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Revista Brasileira de Anestesiologia
Print version ISSN 0034-7094
On-line version ISSN 1806-907X
DUARTE, Leonardo Teixeira Domingues and SARAIVA, Renato Ângelo. Immobility: essential inhalational anesthetics action. Rev. Bras. Anestesiol. [online]. 2005, vol.55, n.1, pp.100-117. ISSN 0034-7094. http://dx.doi.org/10.1590/S0034-70942005000100013.
BACKGROUND AND OBJECTIVES: Immobility is an essential component of general anesthesia and should be looked for and maintained throughout anesthesia. Anesthetic potency, called Minimum Alveolar Concentration (MAC), results from the inhibition of movement response to noxious stimulation. However, although spinal cord is recognized as the primary mediator of surgical immobility, cellular and subcelular mechanisms of action of inhaled anesthetics to produce immobility are not yet totally known. Considering major research advances on mechanisms of action of inhaled anesthetics and resulting wide variety of information, this review aimed at critically evaluating clinical and experimental studies performed to identify sites of action and mechanisms of inhaled anesthetics to promote immobility in response to noxious stimulations. CONTENTS: Complex mechanisms of action of inhaled anesthetics on central nervous system may be divided into three levels: macroscopic, microscopic, and molecular. Macroscopically, behavioral studies have shown spinal cord to be the primary anesthetic site of action to promote immobility in response to noxious stimulations. At cellular level, excitability of motor neurons, nociceptive neurons and synaptic transmission are involved in the anesthetic action. At molecular level, several receptors are affected by inhaled anesthetics, but only a few may directly mediate anesthetic action, among them: glycine, glutamate AMPA and 5-HT2A receptors, in addition to voltage-gated sodium channels. CONCLUSIONS: Inhaled anesthetics-induced immobility is primarily mediated by an action on the spinal cord, as a consequence of anesthetic action upon motor neurons excitability and upon nociceptive neurons of the spinal cord dorsal horn. Actions on specific receptors have an effect on their synaptic transmission.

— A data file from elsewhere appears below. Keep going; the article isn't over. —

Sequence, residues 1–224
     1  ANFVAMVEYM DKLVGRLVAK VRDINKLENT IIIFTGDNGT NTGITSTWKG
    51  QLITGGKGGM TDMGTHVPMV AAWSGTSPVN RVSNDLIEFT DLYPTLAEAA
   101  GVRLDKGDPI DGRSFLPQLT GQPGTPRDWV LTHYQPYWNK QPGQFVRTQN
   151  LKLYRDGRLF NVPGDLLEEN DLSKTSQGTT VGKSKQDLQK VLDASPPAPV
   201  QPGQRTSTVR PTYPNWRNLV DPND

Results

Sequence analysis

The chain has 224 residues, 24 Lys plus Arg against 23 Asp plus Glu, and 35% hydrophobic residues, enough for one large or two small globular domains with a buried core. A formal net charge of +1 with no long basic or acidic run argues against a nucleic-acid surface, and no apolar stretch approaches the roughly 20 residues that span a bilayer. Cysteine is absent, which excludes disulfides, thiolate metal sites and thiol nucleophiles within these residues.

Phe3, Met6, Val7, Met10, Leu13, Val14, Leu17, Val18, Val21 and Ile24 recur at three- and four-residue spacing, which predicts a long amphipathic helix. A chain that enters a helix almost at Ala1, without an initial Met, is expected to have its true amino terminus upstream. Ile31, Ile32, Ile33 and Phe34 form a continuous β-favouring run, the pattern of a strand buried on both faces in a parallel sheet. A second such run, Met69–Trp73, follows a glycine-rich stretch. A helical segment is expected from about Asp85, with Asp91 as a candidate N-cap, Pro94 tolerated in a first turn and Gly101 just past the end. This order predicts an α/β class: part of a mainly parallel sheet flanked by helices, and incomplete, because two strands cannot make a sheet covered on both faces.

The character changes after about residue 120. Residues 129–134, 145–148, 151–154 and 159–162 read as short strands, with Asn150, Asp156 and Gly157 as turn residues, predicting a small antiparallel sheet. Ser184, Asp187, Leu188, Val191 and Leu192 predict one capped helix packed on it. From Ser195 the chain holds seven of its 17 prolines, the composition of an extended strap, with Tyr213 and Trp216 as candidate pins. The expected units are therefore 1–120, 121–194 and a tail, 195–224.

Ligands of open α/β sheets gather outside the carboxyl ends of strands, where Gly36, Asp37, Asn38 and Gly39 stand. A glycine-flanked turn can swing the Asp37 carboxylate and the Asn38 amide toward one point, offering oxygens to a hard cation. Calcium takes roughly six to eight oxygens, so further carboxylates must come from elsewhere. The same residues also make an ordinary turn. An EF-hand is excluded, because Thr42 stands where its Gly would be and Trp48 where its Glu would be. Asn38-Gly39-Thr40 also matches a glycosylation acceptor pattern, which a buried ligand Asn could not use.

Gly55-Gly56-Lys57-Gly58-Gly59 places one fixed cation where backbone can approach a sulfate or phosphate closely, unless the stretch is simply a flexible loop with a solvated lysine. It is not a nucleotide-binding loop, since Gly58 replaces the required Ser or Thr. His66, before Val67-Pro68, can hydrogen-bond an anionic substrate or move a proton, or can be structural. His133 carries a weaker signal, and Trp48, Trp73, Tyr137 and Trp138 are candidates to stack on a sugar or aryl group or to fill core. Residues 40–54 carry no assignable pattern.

Keywords : ANESTHESIA, General [inhalational]; MONITORING [anesthesia profundity].